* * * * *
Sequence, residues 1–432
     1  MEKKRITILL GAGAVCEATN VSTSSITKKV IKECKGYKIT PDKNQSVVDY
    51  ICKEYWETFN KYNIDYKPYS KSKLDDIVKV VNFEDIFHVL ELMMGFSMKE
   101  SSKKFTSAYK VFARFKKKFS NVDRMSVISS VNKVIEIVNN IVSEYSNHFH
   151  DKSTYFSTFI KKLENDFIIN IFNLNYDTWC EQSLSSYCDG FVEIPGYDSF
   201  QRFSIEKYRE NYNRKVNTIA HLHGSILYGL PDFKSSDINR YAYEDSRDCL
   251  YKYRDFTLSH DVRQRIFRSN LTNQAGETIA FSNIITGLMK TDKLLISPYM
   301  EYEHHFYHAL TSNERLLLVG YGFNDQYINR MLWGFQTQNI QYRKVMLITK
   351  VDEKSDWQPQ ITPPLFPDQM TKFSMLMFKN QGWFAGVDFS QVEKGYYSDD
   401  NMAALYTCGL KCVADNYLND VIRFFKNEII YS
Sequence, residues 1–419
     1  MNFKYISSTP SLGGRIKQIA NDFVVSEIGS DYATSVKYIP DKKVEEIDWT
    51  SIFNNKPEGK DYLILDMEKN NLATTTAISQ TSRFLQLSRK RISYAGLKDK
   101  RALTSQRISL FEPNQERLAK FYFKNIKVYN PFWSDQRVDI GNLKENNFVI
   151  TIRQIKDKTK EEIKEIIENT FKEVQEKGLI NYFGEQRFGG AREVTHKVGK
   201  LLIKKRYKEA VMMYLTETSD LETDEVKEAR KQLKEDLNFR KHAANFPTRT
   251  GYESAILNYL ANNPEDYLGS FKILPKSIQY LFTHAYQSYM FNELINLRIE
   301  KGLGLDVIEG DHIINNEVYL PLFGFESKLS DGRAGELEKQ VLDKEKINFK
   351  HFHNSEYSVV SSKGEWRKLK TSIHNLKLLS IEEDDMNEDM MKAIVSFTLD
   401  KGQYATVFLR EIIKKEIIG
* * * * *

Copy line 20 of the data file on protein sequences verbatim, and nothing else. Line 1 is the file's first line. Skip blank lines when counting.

   401  KGQYATVFLR EIIKKEIIG